Keep Dallas Observer Free

10 Questions: King Tut

Yeah, why not.

With the end of Tutankhamun's reign in Dallas, it seemed like the thing to do: resurrect some comments about ancient Egyptian dining and drinking habits.

Born in Arizona, he moved to Babylonia--then on to Egypt, which he ruled for just nine years, starting in 1333 BCE. The so-called 'Boy King' controlled the country from a condo made of stona, if certain experts are to be believed.

The nation's miracle healing pyramids kept him alive for, what--18 years? So he never got to attend big BBQ roasts of those jackel-headed human beasts. He'll also never eat Wonder Bread... 

1. They called you the boy king. What memories do you have of your mother? She sent you to school when you were ready to be taught writing and she waited for you daily at home with bread and beer. (Beatty papyrus)

2. What about a nice breakfast of eggs and bacon? The pig is accounted by the Egyptians as an abominable animal. If any of them in passing by touch a pig, he goes to the river and dips himself in water. (Herodotus)

3. OK, how about modern inventions--like Wonder Bread or pasteurized beer? Take your bread that rots not, your beer that sours not. (Lichtheim: Ancient Egyptian Literature)

4. You know, today no one eats at Egyptian restaurants. They prefer Italian or Greek... Having called upon the god, they cut [an animal's] throat. And having cut its throat, they sever the head from the body...Upon the head they make man imprecations first, and then they who have a market and Greeks among them for trade, these carry it to the market and sell it, while they who have no Greeks among them cast it into the river. (Herodotus).

5. OK, then how come there's no Egyptian extra virgin olive oil? The oil is good, when carefully prepared. Those who are neglectful may obtain oil in abundance, but it has a bad smell. (Strabo)

6. Really?  Egyptians who dwell in the fens use oil from the castor berry. These produce berries in great quantity, but of an evil smell. (Strabo)

I Support
  • Local
  • Community
  • Journalism
  • logo

Support the independent voice of Dallas and help keep the future of Dallas Observer free.

7. But your temples smell so fresh...Beans the Egyptians do not at all sow in their land. And those which grow they neither eat raw nor boil for food. The priests do not even look upon them. (Herodotus)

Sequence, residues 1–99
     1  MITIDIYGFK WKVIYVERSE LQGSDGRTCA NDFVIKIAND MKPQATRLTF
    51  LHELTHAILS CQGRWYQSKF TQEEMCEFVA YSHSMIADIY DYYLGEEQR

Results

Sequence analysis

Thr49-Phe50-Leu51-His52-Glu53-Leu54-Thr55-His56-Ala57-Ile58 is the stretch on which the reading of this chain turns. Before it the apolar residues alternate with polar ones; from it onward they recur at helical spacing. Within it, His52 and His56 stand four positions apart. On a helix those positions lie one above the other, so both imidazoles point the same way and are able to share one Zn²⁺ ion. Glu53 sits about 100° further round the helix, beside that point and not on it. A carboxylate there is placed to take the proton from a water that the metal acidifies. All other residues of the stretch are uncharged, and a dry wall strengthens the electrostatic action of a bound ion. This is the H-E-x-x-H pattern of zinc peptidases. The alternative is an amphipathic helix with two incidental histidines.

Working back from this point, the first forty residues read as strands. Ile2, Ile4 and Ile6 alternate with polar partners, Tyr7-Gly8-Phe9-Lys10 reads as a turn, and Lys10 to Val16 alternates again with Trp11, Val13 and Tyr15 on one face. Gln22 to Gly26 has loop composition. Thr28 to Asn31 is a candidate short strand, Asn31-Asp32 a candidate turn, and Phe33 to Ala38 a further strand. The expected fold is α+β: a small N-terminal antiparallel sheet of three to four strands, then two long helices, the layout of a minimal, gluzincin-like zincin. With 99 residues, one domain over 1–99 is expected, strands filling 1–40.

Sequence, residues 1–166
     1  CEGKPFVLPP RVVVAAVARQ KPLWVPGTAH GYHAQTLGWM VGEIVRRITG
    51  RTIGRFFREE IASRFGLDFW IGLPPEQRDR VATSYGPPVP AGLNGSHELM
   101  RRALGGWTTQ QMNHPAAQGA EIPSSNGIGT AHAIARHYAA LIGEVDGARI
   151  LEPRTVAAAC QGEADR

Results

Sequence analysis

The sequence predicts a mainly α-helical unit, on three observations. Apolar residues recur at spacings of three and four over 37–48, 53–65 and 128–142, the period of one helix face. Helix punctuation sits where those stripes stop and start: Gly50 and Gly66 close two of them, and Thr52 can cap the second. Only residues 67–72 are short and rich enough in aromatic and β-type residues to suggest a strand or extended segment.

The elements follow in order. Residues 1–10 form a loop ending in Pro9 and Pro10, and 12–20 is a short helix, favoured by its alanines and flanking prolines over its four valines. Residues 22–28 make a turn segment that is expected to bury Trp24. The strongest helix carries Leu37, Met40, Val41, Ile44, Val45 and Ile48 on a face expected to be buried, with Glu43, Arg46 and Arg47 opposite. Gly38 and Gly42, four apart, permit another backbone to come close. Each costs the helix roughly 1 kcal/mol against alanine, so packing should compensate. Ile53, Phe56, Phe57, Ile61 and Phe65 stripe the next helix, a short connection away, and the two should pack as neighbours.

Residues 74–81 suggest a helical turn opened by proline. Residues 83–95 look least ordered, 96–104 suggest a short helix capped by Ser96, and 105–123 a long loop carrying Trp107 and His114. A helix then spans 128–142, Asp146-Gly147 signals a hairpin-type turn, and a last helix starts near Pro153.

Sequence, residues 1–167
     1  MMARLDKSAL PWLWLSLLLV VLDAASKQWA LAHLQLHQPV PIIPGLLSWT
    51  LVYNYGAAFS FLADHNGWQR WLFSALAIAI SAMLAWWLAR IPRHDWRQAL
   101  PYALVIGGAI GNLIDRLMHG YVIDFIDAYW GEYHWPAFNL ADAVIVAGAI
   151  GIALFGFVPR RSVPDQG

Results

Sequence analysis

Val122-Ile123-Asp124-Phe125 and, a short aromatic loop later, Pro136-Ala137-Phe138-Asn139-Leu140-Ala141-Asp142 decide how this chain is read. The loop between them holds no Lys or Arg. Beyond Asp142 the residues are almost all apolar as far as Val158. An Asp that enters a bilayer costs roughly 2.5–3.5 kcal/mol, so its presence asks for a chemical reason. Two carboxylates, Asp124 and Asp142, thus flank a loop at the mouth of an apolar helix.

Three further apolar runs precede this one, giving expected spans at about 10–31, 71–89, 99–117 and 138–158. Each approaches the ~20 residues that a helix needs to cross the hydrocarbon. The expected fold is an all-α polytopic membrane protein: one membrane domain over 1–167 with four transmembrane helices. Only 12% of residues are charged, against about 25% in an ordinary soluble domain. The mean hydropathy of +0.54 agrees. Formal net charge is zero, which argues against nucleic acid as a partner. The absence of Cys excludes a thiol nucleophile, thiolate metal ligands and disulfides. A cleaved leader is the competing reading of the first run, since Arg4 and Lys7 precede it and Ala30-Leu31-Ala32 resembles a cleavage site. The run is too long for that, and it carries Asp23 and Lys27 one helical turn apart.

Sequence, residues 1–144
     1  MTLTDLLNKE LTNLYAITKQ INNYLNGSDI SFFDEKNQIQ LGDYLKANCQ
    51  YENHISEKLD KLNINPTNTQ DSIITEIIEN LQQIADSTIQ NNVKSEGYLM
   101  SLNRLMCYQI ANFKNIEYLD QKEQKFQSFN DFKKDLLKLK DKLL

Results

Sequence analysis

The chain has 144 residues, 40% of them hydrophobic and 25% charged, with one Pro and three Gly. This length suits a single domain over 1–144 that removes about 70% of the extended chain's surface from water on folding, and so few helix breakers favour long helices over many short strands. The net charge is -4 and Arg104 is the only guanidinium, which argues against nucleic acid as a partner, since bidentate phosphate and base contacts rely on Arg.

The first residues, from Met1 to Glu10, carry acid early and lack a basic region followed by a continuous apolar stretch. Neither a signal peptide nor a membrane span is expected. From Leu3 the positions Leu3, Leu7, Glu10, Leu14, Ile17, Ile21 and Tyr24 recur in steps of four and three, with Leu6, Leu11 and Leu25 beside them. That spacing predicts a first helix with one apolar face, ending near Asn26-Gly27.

8. Describe your favorite food...In size, it is very nearly as large as the squill, with a leaf like that of lapathum and a straight stalk a couple of cubits in length. (Pliny)

9. Um...thanks, so how do your officials keep shepherds from getting bored? At the proper time he should bring them she-goats. And when he had satisfied them with milk, he should do for them whatever else was needed. (Herodotus)

10. Geez..OK, who is your favorite modern performer? Steve Martin.

Keep the Dallas Observer Free... Since we started the Dallas Observer, it has been defined as the free, independent voice of Dallas, and we would like to keep it that way. Offering our readers free access to incisive coverage of local news, food and culture. Producing stories on everything from political scandals to the hottest new bands, with gutsy reporting, stylish writing, and staffers who've won everything from the Society of Professional Journalists' Sigma Delta Chi feature-writing award to the Casey Medal for Meritorious Journalism. But with local journalism's existence under siege and advertising revenue setbacks having a larger impact, it is important now more than ever for us to rally support behind funding our local journalism. You can help by participating in our "I Support" membership program, allowing us to keep covering Dallas with no paywalls.

We use cookies to collect and analyze information on site performance and usage, and to enhance and customize content and advertisements. By clicking 'X' or continuing to use the site, you agree to allow cookies to be placed. To find out more, visit our cookies policy and our privacy policy.


Join the Observer community and help support independent local journalism in Dallas.


Join the Observer community and help support independent local journalism in Dallas.